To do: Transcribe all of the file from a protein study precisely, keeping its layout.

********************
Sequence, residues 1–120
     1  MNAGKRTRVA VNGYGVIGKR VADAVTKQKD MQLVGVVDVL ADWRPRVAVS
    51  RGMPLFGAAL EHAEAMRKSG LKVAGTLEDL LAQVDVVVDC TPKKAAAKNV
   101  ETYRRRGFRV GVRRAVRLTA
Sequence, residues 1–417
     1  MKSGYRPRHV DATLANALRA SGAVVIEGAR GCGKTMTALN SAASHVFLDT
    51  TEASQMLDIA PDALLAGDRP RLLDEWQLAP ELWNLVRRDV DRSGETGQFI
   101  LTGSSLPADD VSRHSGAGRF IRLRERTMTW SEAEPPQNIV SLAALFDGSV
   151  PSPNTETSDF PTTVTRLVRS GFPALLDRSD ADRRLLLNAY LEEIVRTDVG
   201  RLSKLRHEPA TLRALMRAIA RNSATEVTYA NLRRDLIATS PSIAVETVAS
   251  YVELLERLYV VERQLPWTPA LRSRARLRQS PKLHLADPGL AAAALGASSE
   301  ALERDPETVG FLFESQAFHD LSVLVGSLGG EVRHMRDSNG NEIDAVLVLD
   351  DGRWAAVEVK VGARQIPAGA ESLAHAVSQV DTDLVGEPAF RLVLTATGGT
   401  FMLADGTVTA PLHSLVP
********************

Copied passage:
Sequence, residues 1–120
     1  MNAGKRTRVA VNGYGVIGKR VADAVTKQKD MQLVGVVDVL ADWRPRVAVS
    51  RGMPLFGAAL EHAEAMRKSG LKVAGTLEDL LAQVDVVVDC TPKKAAAKNV
   101  ETYRRRGFRV GVRRAVRLTA
Sequence, residues 1–417
     1  MKSGYRPRHV DATLANALRA SGAVVIEGAR GCGKTMTALN SAASHVFLDT
    51  TEASQMLDIA PDALLAGDRP RLLDEWQLAP ELWNLVRRDV DRSGETGQFI
   101  LTGSSLPADD VSRHSGAGRF IRLRERTMTW SEAEPPQNIV SLAALFDGSV
   151  PSPNTETSDF PTTVTRLVRS GFPALLDRSD ADRRLLLNAY LEEIVRTDVG
   201  RLSKLRHEPA TLRALMRAIA RNSATEVTYA NLRRDLIATS PSIAVETVAS
   251  YVELLERLYV VERQLPWTPA LRSRARLRQS PKLHLADPGL AAAALGASSE
   301  ALERDPETVG FLFESQAFHD LSVLVGSLGG EVRHMRDSNG NEIDAVLVLD
   351  DGRWAAVEVK VGARQIPAGA ESLAHAVSQV DTDLVGEPAF RLVLTATGGT
   401  FMLADGTVTA PLHSLVP